When I started my blog, my intention was always to try to give as fair a reading of the bible as possible. I want to look at the good things of the bible next to the bad things of the bible and compare. Pretty much across the board I have found the good parts lacking and the bad parts to be plentiful, but nevertheless I try to give the bible the benefit of the doubt and I keep my eyes open for little bits of the story to praise. Even if the main thrust of the story is offensive in my opinion, if there is one little part that is a good lesson I point it out.
I have found that increasingly difficult to do since I have been reading the Old Testament. I have repeatedly asked myself "how can anyone read this book and see it for anything other than a horrible, horrible book?" This is clearly a bad perspective to have while doing this project, and yet all I see are bad characters doing bad things. But it can't be all bad, people have been getting meaning out of this book for thousands of years, what can they see that I can't?
So I have decided to add a new section to my bible posts, the moral of the story. In this section I will comment on what lesson is supposed to be learned from the story. Luckily, the Christian commentaries that I read almost always include something that will fit in this category. This seems like it might run the risk of overlapping with my blue text, but that has typically been checking if the Christian commentaries have responses to my criticisms. This new green text will be of a different flavor.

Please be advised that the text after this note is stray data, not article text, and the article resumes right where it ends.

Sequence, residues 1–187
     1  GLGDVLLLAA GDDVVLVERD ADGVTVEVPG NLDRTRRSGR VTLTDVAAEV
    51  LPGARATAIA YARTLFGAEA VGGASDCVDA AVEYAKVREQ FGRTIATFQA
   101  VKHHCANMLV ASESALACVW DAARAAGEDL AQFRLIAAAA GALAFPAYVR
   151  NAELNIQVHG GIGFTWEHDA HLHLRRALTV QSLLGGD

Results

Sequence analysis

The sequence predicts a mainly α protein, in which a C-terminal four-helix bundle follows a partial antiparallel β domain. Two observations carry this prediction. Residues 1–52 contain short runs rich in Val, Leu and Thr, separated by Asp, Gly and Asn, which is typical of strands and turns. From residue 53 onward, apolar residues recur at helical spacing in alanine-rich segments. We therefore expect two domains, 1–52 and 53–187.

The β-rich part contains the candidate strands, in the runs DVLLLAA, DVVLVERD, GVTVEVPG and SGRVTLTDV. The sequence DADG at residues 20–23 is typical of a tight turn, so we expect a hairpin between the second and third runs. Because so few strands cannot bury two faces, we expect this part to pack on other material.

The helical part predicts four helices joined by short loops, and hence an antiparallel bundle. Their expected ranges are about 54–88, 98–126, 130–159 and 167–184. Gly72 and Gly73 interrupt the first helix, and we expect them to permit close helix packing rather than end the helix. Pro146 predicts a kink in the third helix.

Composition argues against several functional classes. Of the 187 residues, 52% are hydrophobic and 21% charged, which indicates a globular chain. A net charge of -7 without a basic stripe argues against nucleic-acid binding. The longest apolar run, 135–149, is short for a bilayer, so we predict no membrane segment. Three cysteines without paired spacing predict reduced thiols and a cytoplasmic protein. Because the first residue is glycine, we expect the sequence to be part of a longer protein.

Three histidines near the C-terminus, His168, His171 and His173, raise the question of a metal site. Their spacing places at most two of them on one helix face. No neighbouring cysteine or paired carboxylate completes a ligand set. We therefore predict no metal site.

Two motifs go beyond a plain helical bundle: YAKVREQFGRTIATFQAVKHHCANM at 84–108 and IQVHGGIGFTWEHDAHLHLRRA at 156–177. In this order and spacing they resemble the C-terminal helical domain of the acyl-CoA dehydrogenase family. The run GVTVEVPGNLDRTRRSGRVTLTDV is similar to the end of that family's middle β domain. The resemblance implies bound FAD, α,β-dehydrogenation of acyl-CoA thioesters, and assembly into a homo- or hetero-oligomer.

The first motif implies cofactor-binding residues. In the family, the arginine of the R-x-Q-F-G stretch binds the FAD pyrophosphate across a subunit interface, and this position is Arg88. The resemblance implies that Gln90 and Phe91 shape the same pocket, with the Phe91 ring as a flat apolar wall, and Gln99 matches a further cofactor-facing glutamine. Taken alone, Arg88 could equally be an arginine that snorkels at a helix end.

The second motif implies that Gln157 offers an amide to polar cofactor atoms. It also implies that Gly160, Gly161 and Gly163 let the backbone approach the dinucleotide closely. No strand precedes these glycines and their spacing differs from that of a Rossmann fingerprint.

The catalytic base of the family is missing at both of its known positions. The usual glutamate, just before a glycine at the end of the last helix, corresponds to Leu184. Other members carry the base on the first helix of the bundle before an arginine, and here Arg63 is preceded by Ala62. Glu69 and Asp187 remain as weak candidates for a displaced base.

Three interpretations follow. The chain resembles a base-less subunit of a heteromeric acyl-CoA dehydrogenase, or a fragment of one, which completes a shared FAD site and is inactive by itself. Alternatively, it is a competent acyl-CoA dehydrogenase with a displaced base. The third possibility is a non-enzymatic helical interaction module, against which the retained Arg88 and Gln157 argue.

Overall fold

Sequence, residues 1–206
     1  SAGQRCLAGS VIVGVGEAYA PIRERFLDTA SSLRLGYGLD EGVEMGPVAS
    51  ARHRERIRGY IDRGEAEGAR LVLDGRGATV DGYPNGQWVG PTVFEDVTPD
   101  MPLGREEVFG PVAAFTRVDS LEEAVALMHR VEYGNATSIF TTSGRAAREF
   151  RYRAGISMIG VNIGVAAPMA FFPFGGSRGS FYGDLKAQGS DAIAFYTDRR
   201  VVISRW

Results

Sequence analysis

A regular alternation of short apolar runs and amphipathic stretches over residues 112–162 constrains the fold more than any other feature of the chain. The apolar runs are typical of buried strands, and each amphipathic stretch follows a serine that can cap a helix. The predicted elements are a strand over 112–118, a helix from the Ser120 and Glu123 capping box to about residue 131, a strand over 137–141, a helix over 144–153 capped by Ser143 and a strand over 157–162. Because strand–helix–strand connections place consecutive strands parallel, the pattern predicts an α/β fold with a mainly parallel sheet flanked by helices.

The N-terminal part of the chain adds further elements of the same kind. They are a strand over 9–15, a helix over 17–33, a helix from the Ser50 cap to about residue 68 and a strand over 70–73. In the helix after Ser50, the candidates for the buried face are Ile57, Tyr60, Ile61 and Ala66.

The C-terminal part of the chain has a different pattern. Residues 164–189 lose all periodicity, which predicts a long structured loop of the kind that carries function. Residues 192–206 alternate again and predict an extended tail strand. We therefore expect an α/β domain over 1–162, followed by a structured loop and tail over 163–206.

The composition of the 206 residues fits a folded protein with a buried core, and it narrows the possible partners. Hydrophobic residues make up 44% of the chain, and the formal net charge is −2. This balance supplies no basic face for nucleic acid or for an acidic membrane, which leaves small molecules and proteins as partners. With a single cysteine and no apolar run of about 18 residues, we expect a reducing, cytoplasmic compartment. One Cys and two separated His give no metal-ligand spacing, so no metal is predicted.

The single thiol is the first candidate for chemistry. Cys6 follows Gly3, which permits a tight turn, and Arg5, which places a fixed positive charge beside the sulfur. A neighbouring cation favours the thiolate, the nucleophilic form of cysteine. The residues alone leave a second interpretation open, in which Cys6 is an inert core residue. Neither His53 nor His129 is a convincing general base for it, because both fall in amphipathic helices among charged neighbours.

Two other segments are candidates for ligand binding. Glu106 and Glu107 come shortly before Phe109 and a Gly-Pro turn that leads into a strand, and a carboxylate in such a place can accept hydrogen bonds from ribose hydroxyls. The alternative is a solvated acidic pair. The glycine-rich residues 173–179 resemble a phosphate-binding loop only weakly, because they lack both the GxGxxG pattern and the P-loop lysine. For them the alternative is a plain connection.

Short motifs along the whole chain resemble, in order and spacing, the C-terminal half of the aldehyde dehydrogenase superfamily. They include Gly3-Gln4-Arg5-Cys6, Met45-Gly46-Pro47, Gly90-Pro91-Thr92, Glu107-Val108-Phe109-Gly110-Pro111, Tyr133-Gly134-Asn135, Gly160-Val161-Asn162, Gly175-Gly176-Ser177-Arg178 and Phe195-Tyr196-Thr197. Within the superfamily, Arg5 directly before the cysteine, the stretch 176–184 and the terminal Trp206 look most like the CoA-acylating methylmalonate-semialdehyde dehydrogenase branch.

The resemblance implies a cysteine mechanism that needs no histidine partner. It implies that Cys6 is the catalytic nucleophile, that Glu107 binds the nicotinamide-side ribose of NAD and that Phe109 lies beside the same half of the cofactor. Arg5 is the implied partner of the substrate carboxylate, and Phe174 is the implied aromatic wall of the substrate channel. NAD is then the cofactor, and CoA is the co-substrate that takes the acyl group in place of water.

One final thought. As anyone who has followed my blog for very long at all will know that I get ideas like this fairly often. It has resulted in quite a few things that I like a lot and have stuck around (the podcast and the Christian commentaries for example), but there have also been quite a few ideas that didn't turn out to work and disappeared pretty quickly. We'll just have to see which category this lands in.
***Edit: Another thought***
The church I grew up in considered the Bible the divinely authored perfect word of God. Every word of it was supposed to be literally true. This is the perspective I generally take as I'm reading the bible, partly because of my background and partly because I know a good portion of the country looks at it this way.
But it's also possible to look at it more like a book of fables that are intended to teach us lessons rather than a book of things that actually happened. From this perspective, it might be easier to look past a horrible thing that happens to see the lessons one character or another is supposed to learn from the situation. This will be what I have in mind when writing the moral of the story segment.